Tag Archives: loss

Clayton, Cool Papa, and Wah-Wah Nita

I cclayton-birdan relate to Clayton Bird.  I may be a middle-aged white woman living in Iowa, but I understand his pain.  I might not have grown up with a blues-playing grandpa–mine was known to ride a banana seat bike now and then, but wouldn’t have known what to do with a guitar—but I know how important people other than parents can be when you’re growing up.  I remember being angry about injustice when I was a kid, or at least what I saw as injustice in my own life.  And I know grief, really crushing grief that hides out in unexpected places and hits you at all the wrong times.

Clayton is the kind of character everyone can relate to on some level, although he might not look like many of the kids I knew growing up.  That’s what’s so wonderful about Rita Williams-Garcia’s work.  Her characters are simultaneously universal and completely unique.  The small details make you think of your Uncle Rich or that kid you went to school with who had a goofy nickname or your best friend’s mom or whoever.   His story, like many of Williams-Garcia’s, celebrates an ordinary life with extraordinary moments—moments which reveal quite a bit about our society as a whole and how kids navigate it. Her characters’ experiences reach out to you, whoever you are, wherever you live.  It’s a gift we are so, so lucky to be able to witness and enjoy.

And if all that weren’t enough, Ms. Williams-Garcia mentions Kathi Appelt in her note at the end of the book.  We all know (or maybe we don’t) just how crazy I am about Kathi Appelt.  I’ve practically thrown her books at the 5th graders I visit if I find out they have somehow managed to miss them.  And  I don’t stop at once a year – she comes up repeatedly.  Actually, I’ve kind of done the same with Rita Williams-Garcia’s books (One Crazy Summer, P.S. Be Eleven, Gone Crazy in Alabama) because they are a different and wonderful brand of fabulous.   Clearly, I’m just going to get worse.  Prepare.  Beware.

Clayton Bird Goes Underground by Rita Williams-Garcia

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Lost and found

lucy

Lucy is a dog, lost and trying to survive after an adventure took her too far from home.  Eleanor is lost, too, with a distracted father to complicate things.  (Where do the dishes and snow globes go?)  Sam is the juggler, her dad, trying to literally and figuratively keep all the balls in the air in a soul-sucking job, dreaming of success.

It’s a little hard to categorize Lucy.  At first glance, it’s a picture book, maybe just a really long one.  But as you read, you notice it’s split into acts.  Is it a play or a movie?  A graphic novel?  Does it matter?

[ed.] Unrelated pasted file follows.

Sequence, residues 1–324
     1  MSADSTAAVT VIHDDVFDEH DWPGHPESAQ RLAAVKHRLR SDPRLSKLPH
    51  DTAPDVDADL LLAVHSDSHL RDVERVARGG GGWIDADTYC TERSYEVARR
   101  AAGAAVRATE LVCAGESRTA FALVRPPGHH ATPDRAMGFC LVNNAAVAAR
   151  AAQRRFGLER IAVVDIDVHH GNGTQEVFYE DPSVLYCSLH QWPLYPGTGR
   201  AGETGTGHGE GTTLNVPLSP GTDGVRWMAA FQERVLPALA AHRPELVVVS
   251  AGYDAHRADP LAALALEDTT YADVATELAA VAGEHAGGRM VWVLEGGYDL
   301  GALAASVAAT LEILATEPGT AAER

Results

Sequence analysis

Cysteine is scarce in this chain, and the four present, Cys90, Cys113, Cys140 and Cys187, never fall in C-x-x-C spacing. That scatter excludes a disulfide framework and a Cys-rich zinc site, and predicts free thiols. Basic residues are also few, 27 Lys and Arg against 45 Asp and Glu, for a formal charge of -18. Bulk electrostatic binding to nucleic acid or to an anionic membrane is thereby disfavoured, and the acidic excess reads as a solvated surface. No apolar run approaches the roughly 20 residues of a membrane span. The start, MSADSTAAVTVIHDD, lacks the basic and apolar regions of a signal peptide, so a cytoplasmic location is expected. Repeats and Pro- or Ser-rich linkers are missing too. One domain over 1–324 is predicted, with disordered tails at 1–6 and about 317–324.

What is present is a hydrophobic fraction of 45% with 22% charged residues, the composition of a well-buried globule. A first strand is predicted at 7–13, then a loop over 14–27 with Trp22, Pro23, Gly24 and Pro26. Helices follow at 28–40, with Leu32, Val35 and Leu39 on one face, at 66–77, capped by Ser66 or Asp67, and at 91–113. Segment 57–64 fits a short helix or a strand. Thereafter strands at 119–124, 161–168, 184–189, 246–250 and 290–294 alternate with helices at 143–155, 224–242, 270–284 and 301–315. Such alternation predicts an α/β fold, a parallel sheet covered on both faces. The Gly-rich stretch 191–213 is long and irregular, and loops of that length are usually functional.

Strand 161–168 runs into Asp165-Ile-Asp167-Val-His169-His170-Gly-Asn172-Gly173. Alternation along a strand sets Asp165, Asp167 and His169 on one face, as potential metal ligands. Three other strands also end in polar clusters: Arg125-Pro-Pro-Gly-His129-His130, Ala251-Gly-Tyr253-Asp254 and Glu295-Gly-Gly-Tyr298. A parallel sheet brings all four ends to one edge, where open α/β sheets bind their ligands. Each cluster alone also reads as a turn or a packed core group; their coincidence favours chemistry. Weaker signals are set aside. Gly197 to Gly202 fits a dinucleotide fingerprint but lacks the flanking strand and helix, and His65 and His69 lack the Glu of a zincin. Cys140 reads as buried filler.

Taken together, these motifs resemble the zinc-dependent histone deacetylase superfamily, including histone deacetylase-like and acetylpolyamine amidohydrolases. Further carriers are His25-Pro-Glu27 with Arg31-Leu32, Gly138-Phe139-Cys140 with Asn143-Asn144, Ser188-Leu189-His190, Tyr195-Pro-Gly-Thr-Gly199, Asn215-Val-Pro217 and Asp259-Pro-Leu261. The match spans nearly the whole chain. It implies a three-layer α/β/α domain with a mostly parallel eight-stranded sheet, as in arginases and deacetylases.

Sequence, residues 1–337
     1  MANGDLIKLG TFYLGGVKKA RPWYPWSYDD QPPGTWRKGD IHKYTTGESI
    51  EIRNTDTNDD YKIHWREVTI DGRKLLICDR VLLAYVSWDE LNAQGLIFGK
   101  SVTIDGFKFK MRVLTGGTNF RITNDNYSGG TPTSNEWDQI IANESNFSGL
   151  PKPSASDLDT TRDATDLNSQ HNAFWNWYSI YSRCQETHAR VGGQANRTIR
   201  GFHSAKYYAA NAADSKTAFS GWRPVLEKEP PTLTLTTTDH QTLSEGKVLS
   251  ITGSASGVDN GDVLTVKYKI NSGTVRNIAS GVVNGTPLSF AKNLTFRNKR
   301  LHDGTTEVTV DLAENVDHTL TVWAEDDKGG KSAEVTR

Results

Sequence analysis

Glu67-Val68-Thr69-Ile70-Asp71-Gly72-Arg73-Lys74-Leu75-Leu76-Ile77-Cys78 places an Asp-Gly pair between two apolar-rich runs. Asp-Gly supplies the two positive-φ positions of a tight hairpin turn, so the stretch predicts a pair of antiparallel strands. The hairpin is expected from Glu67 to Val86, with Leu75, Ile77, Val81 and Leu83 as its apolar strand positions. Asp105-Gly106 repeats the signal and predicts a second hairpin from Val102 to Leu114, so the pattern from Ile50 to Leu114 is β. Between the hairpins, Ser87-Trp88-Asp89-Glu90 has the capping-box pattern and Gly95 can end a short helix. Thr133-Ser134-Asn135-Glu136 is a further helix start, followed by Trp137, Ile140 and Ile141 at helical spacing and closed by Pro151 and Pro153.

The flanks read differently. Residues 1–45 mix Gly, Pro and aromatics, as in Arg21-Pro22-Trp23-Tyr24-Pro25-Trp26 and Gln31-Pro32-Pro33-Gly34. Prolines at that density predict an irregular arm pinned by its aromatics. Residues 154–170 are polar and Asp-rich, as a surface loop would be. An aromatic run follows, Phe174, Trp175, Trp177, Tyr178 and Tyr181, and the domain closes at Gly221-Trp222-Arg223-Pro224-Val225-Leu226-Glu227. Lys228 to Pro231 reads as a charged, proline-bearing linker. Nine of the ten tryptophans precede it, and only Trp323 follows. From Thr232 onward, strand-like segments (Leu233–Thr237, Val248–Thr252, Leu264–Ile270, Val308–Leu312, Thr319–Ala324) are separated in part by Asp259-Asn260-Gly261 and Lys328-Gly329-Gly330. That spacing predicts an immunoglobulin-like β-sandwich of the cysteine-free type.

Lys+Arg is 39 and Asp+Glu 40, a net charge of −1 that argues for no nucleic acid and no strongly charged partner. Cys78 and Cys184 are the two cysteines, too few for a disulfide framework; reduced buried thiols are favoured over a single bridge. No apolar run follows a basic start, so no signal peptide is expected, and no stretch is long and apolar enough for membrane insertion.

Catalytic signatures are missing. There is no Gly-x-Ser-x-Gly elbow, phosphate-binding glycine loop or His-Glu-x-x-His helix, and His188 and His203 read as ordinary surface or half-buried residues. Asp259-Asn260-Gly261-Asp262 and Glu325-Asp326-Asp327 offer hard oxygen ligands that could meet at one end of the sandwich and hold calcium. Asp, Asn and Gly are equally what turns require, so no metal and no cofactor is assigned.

The illustrations carry you along.  (Although it’s completely different, I had some Harry the Dirty Dog flashbacks, which made me like it even more.) The story repeats itself just enough to having you looking for subtle changes in each new day.  Will they find each other?  They will.  Will they find what they’re looking for?  Yes, perhaps.  Will you love it?  You will.

Lucy by Randy Cecil

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Maybe a fox, maybe a path to peace

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We don’t always acknowledge it, but many of us spend part of our lives walking through the world with a veil of sadness clinging to us.  Some people are able to push it back and stride through the world looking one way but retreat back into it on their own.  Others walk with the veil surrounding them, sometimes protecting them from the harsh world outside, sometimes creating a wall too thick to penetrate.  Sadness, grief, loss – feeling them intensely can both drag us down and help us heal.

Jules, Sylvie, Elk, Sam and Dad all carry it with them at different times and in different ways, and even the animals in the forest nearby feel it; Senna the fox and the catamount are kennens, animals with special spirits somehow connected to humans.

Maybe a Fox is an emotional book – filled with grief, beauty, peace, loss – and it’s powerful, but that really comes as no surprise, having been written by Kathi Appelt and Alison McGhee.  It might not be a book for kids who want a lot of action and laughs, although there is a little of both in the book.  It might connect with those kids in a unexpected way, however.  It’s deeper, so deep that it’s beyond what you might usually touch in your daily life.  It’s also a beautiful piece about human connection to nature, connection to each other, even the connection to loss.  It might be a fox or it might be a path to something else.

Maybe a Fox by Kathi Appelt and Alison McGhee